Keeping bugs away is likely on the top of your list of priorities when you go out for an evening jog or leave for a weekend camping trip. Insect repellents with DEET (the common name for the chemical N,N-diethyl-m-toluamide) work well, but you may worry that they may harm you or the environment. Read on to find out about natural products that can help keep the bugs away.

Before DEET

DEET-based insect repellents were not a choice until 1957. Before then, people relied on plants with compounds that repel insects. These compounds help the plants protect themselves from being eaten by insects. Some of these plants are still used today in resource-limited countries. People bruise plants or burn them to keep their homes and outdoor spaces free of insects.

Fighting Bugs with Plants and Oils

There are many plants and oils that have been used to keep insects away. Some of the most common ones are:

Citronella

Citronella is one of the most well-known plant-based repellents. Products with it can protect you from insects for about 2 hours. Citronella candles can also help keep bugs away.

Lemon Eucalyptus Oil

Oil of lemon eucalyptus is a great way to repel mosquitoes, biting flies, and gnats. There are many brands of insect repellents with it.

Neem

Neem oil is made from the fruits and seeds of the neem tree. It could cause skin irritation. It may protect you, but there is not enough data to support using it.

Essential Oils

These oils are often used to repel insects. The best ones are thyme, cedar, peppermint, and clove. They may be work for 1 to 2 hours, but they could cause skin irritation.

Other Oils

Soybean oil, palm nut oil, coconut oil, and andiroba oil have all been used in repellents. Oils can also be used with other repellents by making them last longer.

Garlic

Garlic has been used as a natural insect repellent, but the data for it is not strong. It may protect you when rubbed on the skin but eating it has not been shown to keep bugs away.

Are These Products Safer Than DEET?

The search for a natural insect repellent is based on the view that they may be safer than those made with DEET. But even these products can cause skin irritation. Some are also not recognized by the EPA.

DEET is not harmful to children older than 2 months of age. If your child is under 2 months of age, use mosquito netting to protect them. Pregnant and breastfeeding people should use DEET with care and choose products that have it in low amounts. Be sure to use the right amount and keep products away from the eyes, nose, and mouth.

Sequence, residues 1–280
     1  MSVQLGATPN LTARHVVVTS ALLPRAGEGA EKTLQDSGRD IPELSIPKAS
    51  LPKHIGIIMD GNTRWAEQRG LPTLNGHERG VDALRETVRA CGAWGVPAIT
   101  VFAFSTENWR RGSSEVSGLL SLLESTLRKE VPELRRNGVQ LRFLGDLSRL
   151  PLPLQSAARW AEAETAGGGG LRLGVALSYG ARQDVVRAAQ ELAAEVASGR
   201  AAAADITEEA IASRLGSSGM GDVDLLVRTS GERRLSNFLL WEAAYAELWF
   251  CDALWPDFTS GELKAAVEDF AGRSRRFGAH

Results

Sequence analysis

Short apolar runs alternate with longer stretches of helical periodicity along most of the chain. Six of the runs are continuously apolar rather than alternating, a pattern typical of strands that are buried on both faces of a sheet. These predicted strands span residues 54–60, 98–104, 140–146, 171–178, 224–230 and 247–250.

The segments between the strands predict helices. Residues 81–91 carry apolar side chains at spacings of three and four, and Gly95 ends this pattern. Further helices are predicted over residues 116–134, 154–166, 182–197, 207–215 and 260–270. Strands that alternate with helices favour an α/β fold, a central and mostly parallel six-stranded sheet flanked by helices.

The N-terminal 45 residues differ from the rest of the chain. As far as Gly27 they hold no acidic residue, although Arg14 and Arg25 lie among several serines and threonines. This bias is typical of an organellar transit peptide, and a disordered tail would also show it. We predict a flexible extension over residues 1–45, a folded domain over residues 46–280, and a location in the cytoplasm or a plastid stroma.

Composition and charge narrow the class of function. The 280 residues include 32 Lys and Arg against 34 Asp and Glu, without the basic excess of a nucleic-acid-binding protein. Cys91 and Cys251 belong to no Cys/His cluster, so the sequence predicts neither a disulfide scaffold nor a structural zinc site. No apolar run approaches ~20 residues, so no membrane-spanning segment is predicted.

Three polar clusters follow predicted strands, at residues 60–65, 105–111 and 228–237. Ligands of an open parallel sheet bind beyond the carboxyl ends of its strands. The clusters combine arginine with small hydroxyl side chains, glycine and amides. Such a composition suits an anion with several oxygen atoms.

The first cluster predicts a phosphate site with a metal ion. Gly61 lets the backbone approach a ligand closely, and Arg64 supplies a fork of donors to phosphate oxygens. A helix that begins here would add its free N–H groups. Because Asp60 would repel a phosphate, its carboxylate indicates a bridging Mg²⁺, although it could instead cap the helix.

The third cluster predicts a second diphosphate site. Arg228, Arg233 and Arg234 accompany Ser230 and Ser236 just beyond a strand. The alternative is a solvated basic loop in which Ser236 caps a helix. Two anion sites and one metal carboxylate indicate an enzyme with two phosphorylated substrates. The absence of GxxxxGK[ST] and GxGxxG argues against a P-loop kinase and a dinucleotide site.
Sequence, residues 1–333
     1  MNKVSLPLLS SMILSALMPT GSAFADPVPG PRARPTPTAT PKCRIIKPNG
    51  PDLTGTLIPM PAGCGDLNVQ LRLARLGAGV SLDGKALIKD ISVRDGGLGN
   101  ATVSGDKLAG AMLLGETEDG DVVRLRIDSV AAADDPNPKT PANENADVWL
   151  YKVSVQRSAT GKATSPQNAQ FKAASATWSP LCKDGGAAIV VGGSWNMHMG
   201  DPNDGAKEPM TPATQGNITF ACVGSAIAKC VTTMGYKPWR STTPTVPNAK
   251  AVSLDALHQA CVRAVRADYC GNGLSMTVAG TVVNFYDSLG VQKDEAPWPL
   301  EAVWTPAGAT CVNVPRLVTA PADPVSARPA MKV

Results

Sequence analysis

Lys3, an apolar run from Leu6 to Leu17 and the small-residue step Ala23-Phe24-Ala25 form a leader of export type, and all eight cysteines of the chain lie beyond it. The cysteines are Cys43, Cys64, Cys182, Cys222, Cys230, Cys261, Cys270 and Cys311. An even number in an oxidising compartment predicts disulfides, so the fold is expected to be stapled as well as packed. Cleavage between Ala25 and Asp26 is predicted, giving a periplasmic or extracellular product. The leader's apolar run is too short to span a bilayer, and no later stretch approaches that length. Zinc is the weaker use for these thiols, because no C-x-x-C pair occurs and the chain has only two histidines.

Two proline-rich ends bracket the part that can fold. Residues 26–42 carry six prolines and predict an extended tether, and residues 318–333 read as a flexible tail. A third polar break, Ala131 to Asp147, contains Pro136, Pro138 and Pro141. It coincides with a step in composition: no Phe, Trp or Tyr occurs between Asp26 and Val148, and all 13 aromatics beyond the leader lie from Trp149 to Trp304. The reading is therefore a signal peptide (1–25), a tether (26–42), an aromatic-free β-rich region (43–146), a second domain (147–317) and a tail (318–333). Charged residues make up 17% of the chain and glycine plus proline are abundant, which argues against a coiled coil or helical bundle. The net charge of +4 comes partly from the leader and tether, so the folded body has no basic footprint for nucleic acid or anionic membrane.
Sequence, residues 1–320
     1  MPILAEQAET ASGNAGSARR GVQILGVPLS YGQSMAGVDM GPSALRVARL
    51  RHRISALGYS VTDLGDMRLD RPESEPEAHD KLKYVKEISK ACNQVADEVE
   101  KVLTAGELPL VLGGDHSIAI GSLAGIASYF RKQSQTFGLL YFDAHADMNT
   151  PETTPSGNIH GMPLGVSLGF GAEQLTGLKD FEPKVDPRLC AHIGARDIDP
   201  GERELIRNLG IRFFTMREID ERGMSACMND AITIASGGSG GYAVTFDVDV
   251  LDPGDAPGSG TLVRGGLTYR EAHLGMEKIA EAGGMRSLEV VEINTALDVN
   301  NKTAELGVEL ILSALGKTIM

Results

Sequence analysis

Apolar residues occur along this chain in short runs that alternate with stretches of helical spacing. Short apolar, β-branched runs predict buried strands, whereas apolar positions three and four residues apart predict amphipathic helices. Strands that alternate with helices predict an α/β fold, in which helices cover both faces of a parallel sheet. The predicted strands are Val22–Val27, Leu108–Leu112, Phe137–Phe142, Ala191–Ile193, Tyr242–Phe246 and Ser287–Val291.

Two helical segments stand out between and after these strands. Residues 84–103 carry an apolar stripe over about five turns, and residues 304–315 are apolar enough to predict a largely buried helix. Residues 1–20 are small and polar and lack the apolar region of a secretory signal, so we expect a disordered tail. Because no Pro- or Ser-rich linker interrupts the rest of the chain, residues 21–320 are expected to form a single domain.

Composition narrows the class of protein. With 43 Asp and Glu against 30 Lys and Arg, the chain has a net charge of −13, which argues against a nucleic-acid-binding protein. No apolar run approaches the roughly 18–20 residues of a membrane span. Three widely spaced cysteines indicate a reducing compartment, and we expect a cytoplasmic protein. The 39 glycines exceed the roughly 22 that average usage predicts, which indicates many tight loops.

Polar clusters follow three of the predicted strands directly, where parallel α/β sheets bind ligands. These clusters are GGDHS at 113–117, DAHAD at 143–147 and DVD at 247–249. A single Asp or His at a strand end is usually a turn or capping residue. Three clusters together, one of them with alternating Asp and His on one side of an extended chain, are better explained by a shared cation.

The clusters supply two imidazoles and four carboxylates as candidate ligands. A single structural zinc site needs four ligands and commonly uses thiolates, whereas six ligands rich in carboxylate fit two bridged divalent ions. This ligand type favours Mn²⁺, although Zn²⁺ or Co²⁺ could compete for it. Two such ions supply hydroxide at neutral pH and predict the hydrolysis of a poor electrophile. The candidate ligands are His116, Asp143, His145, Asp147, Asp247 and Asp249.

Other Steps You Can Take

Here are some other steps you can take to keep bugs away:

  • Do not let water pool in outdoor spaces, such as rain gutters, or buckets
  • Change the water in bird baths, fountains, wading pools, and rain barrels each week
  • Cover gaps in doors and windows
  • Cover baby carriers with netting
  • Wear long-sleeved shirts and pants when you are outdoors
  • Stay indoors at sunrise, sunset, and early evening
RESOURCES:

Centers for Disease Control and Prevention
http://www.cdc.gov

Environmental Protection Agency
http://www.epa.gov

CANADIAN RESOURCES:

The College of Family Physicians of Canada
http://www.cfpc.ca

Public Health Agency of Canada
http://www.phac-aspc.gc.ca

REFERENCES:

Choosing an insect repellent for your child. Healthy Children—American Academy of Pediatrics website. Available at: https://www.healthychildren.org/English/safety-prevention/at-play/pages/Insect-Repellents.aspx. Accessed October 25, 2021.

Insect bites and stings. EBSCO Natural and Alternative Treatments website. Available at: http://www.ebscohost.com/academic/natural-alternative-treatments. Accessed October 25, 2021.

Mosquito avoidance. EBSCO DynaMed website. Available at: https://www.dynamed.com/prevention/mosquito-avoidance. Accessed October 25, 2021.

Repellents: protection against mosquitoes, ticks, and other arthropods. US Environmental Protection Agency website. Available at: https://www.epa.gov/insect-repellents. Accessed October 25, 2021.

West Nile virus: prevention. Centers for Disease Control and Prevention website. Available at: http://www.cdc.gov/westnile/prevention/index.html. Accessed October 25, 2021.

Last reviewed October 2021 by EBSCO Medical Review Board  Last Updated: 10/25/2021